So You Think You Can Tango

8th January 2009

"Nothing in the world is more flexible and yielding than water. Yet when it attacks the firm and the strong, none can withstand it, because they have no way to change it. So the flexible overcome the adamant, the yielding overcome the forceful. Everyone knows this, but no one can do it." ~ Lao Tzu


Looking at the people who made it through to the beginning of “So You Think You Can Dance”, they’re all very obviously dancers. Whereas if you looked at most people who attend a milonga you probably wouldn’t say the same. But what is it that says “Dancer”? Well partly it’s the way a person moves. But also it’s often the shape / tone of their body.

I think there’s a distinction made between the demands of a professional dancer and a social dancer. I don’t intend ever doing this: 


in a milonga. So I don’t need that kind of flexibility, coordination, core strength etc.

You have to have something

But it’s tempting (particularly for men) to then think we don’t need any of that. (Women seem more open to doing pilates and yoga and more recently going to the gym). And we certainly have an easier time of it as we get to choose when we dance and what we lead, whereas if the woman is put in a low planeo she’s not got a whole lot of choice in the matter.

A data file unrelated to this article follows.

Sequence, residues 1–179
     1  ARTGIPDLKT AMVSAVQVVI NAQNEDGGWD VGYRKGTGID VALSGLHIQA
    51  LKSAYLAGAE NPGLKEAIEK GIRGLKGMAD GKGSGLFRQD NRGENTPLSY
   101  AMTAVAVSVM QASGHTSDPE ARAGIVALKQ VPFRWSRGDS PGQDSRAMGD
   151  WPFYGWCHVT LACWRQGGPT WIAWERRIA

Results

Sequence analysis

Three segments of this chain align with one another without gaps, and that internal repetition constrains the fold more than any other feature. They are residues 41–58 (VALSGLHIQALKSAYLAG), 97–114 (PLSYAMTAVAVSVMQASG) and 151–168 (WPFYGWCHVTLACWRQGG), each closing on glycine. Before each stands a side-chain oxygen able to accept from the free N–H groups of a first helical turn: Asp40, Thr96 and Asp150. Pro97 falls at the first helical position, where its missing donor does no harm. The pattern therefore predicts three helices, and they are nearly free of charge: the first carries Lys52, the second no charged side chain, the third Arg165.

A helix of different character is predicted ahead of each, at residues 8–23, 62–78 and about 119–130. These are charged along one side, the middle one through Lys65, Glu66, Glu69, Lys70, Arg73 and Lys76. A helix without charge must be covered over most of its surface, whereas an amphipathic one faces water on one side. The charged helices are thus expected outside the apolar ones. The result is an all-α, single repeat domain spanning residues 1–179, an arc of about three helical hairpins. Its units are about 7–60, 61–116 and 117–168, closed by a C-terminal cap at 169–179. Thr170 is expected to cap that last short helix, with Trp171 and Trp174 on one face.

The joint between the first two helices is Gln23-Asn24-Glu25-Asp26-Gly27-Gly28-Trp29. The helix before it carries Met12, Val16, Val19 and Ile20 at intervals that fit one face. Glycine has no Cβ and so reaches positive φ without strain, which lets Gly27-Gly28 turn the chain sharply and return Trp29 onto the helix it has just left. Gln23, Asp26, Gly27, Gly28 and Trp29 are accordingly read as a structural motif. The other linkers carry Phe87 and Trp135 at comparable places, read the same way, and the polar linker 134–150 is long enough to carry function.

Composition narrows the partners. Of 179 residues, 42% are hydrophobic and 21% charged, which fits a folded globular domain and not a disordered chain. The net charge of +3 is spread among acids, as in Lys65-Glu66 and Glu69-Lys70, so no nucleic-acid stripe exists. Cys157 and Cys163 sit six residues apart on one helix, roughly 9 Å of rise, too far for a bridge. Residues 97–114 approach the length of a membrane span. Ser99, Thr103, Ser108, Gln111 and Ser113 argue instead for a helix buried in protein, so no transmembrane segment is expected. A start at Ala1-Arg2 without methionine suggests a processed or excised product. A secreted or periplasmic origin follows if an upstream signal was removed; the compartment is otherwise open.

What is important and often overlooked though is flexibility, particularly as men tend to value strength and looking ripped over being able to touch their toes! There’s a tradeoff between the two. Stronger muscles are shorter, more flexible muscles are longer. But where’s flexibility come into tango you might ask?
Sure, maybe the women might need flexible hips to do this kind of thing:


but not the men.

Which is true.

So you think you can?

Look closely at men dancing tango socially, the principle difference between the ones who are good and the ones who aren’t, is tension. The ones who’re are good move gracefully and flow. The othe’s don’t. Think of someone who’s injured and although not in pain, is conscious in their movements that a mis-step could really hurt. That’s how a lot of guys look. Stiff, frozen, broken. Well you get the idea.

At first I though it was just a matter of relaxing. After all, if you’re tense (often through concentrating) then “freezing up” is a natural result.

What I’m coming to realise is that as tango dancers we need flexibility. When the teacher tells the women they need to “loosen their hips so their leg can move freely” often it actually means they need more flexibility in their hips. Men almost always need more flexibility in their legs, hence the constant admonitions from teachers to “straighten out your leg”.


So how do you do it? Well find someone who’s qualified to explain it to you ;o)
Yoga’s not a bad place to start or Sports Physio.
The one piece of advice I would give is to take a long term view. A little improvement each day is much better than mauling yourself in one concerted effort.

It’s also worth noting that as you dance you gradually build up tension, so it’s a good idea to stretch occasionally to re-set yourself.

- Christopher O'Shea, 8th January 2010

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